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I have a thread:

Thread t = new Thread(){
    public void run(){
        ServerSocketConnection scn = (ServerSocketConnection)
                Connector.open("socket://:1234");
        // Wait for a connection.
        SocketConnection sc = (SocketConnection) scn.acceptAndOpen();
       //do other operation
    }
};
t.start();

Lets say no client is connecting to the Server, so this thread will be blocked.Now I want to kill the above thread t? How can I kill it?

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7 Answers

up vote 5 down vote accepted

Thread.interrupt() will not interrupt a thread blocked on a socket. You can try to call Thread.stop() or Thread.destroy(), but these methods are deprecated (edit: actually, absent in J2ME) and in some cases non-functional, for reasons you can read about here. As that article mentions, the best solution in your case is to close the socket that you're blocking on:

In some cases, you can use application specific tricks. For example, if a thread is waiting on a known socket, you can close the socket to cause the thread to return immediately. Unfortunately, there really isn't any technique that works in general. It should be noted that in all situations where a waiting thread doesn't respond to Thread.interrupt, it wouldn't respond to Thread.stop either. Such cases include deliberate denial-of-service attacks, and I/O operations for which thread.stop and thread.interrupt do not work properly.

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Are you sure? In which api are you looking? I can't find Thread.stop() in CLDC or MIDP... –  aioobe Aug 6 '10 at 6:59
    
@aioobe: J2SE... in any case I'm saying don't use stop() –  pelotom Aug 6 '10 at 7:03
    
ok, cause he's talking about java-me here... –  aioobe Aug 6 '10 at 7:06
1  
I think the main point is still relevant: you have to kill what you're blocking on, you can't just kill the thread directly... I'm guessing the reason stop() doesn't exist in J2ME is because of the reasons given in the article I linked. –  pelotom Aug 6 '10 at 7:08
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You can call thread.interrupt(). This will throw a InterruptedException in your thread

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are you sure? acceptAndOpen is not declared to throw InterruptedException –  aioobe Aug 6 '10 at 6:52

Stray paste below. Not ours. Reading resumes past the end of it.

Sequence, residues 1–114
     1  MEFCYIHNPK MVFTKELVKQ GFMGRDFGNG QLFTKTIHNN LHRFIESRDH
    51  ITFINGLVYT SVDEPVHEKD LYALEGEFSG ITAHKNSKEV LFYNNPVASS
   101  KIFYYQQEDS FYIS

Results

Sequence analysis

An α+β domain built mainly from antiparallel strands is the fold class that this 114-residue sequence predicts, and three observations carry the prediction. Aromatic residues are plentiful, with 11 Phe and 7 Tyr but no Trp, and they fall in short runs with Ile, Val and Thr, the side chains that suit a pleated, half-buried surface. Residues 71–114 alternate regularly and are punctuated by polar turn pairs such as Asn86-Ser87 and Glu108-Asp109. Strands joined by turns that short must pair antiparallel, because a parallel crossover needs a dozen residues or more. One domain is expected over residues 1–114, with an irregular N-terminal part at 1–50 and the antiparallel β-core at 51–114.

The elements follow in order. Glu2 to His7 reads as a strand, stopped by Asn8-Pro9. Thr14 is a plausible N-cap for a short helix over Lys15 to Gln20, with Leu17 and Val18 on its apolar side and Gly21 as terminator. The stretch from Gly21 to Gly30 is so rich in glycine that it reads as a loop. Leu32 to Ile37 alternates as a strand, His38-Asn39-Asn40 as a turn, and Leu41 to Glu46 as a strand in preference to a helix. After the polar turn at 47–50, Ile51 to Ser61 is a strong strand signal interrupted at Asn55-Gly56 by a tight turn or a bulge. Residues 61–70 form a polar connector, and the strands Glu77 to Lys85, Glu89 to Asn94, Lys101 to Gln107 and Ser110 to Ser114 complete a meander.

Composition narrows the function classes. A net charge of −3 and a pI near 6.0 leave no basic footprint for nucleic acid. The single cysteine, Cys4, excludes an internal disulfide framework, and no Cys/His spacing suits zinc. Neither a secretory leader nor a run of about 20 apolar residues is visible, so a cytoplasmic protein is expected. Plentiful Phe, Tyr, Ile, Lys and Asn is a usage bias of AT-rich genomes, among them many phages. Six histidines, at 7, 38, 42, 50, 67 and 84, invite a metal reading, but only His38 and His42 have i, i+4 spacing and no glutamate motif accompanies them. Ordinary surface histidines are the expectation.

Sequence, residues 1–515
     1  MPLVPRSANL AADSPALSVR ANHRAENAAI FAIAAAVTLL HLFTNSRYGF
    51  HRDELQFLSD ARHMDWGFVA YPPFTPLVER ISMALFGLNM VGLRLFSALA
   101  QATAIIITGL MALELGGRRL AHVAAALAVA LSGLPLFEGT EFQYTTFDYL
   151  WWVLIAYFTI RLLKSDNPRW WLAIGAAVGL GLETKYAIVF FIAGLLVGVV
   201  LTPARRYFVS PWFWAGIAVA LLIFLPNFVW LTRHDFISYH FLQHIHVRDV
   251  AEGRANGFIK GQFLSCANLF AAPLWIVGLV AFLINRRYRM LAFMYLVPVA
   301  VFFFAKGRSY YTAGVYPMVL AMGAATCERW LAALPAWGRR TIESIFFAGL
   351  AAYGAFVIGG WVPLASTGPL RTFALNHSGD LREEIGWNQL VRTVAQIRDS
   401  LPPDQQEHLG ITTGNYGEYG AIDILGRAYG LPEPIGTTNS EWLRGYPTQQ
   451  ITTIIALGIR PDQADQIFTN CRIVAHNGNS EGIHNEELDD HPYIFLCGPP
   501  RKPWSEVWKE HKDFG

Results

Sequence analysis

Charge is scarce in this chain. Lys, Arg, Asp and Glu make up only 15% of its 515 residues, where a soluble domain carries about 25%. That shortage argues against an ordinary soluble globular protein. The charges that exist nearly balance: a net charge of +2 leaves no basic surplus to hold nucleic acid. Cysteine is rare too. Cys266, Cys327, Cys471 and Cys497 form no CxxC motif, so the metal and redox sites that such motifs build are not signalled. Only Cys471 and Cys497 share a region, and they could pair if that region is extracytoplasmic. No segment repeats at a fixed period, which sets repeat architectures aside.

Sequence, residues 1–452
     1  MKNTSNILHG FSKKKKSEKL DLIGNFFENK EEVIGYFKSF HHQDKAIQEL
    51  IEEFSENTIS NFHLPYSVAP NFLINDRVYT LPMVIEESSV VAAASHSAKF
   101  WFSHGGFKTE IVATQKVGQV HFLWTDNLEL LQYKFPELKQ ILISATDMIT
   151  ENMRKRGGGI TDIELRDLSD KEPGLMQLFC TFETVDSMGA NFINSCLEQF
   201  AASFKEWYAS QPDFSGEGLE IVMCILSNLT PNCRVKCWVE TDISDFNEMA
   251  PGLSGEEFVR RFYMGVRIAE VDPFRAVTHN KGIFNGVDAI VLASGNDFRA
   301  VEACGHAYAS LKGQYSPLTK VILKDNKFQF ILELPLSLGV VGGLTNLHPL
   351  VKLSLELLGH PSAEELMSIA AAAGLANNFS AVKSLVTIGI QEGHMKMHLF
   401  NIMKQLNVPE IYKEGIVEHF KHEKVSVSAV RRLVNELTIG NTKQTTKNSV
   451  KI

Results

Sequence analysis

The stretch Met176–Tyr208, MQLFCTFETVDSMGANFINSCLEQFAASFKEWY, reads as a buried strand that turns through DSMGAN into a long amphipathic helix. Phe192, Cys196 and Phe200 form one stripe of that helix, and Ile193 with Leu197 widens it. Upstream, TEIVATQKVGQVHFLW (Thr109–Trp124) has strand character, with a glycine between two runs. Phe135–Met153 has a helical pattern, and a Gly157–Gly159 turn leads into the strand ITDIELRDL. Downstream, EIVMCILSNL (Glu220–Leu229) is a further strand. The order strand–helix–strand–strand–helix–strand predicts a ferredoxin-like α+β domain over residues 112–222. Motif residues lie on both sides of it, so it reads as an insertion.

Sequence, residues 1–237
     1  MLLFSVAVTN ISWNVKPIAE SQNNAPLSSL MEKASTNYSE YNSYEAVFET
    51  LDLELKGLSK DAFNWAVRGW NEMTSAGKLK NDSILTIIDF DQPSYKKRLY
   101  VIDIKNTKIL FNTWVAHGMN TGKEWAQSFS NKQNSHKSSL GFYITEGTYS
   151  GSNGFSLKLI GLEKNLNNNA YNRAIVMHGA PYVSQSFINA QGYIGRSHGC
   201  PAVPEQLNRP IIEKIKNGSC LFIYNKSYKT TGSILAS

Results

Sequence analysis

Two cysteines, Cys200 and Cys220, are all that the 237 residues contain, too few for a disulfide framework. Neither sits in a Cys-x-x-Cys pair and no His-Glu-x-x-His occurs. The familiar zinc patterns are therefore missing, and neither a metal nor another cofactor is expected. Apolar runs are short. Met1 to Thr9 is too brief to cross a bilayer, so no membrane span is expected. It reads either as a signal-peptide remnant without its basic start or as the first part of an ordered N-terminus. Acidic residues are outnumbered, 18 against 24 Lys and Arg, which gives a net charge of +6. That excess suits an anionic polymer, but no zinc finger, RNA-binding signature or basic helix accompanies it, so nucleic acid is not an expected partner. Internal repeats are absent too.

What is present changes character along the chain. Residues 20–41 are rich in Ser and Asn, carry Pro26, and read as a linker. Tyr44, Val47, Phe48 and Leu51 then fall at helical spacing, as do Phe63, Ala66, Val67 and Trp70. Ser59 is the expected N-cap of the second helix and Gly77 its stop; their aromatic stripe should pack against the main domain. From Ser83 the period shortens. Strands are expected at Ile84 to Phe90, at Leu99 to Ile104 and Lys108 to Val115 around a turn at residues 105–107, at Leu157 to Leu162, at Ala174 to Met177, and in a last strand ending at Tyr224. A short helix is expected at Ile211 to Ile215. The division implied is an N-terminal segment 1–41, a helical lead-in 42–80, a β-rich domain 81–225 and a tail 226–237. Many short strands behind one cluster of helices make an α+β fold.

this is a runtime Exception that's not generated by acceptAndOpen but by the Thread-class. –  Nikolaus Gradwohl Aug 6 '10 at 6:55
    
In which API is InterruptedException a runtime exception? You have an URL? –  aioobe Aug 6 '10 at 6:59
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Call Thread.interrupt(). Blocking operations typically throw an InterruptedException if the Thread they are executing on is interrupted.

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acceptAndOpen does not throw InterruptedException. –  aioobe Aug 6 '10 at 6:52
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Make the main Thread MONITOR THREAD (from where you spawn this new Thread) join() for this Thread. If after a given time-out, this thread does not "join" then you can ignore (nullify) this thread. This will give you an added functionality adding time-out for blocking thread.

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I think you would just need to close the connection - so simply make scn a field of the thread and implement:

public void stop() {
  scn.close();
}

and code your main method to exit gracefully on IOException or other indication that you are done (as you probably already have).

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In your main thread (when you want to terminate the accept-thread) call scn.close(). The acceptAndOpen should then throw an IOException, which you may catch and then terminate the accept-thread gracefully.

ServerSocketConnection scn =
    (ServerSocketConnection) Connector.open("socket://:1234");

Thread t = new Thread(){
    public void run(){
        // Wait for a connection.
        try {
            SocketConnection sc = (SocketConnection) scn.acceptAndOpen();
            //do other operation
        } catch (IOException e) {
            // Log the exception
        }
    }
};

t.start();

// ...

// Somewhere else...
// Cancel the acceptAndOpen.
scn.close();

A good idea would be to introduce a synchronization mechanism so you don't close the socket right after the acceptAndOpen went through.

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I just came to this page looking for the same answer. I found a way to close Threads and this is what I do to end the server:

private Thread serverThread;

public void setUp(){
    //Run the server
    serverThread = new Thread() {
        public void run() {
            try {
                new Server(); //it calls acceptAndOpen() here
            } catch (IOException ex) {
                ex.printStackTrace();
            }
        }
    };
    serverThread.start();
}

public void tearDown() {
    serverThread = null;
    System.gc();
}

Basically, make your reference to your server thread null, and then let the garbage collector clean up resources (which is your server) for you.

Note though: This is far from perfect, we should never depend on gc to do its job, but it seems to work everytime I've tried it

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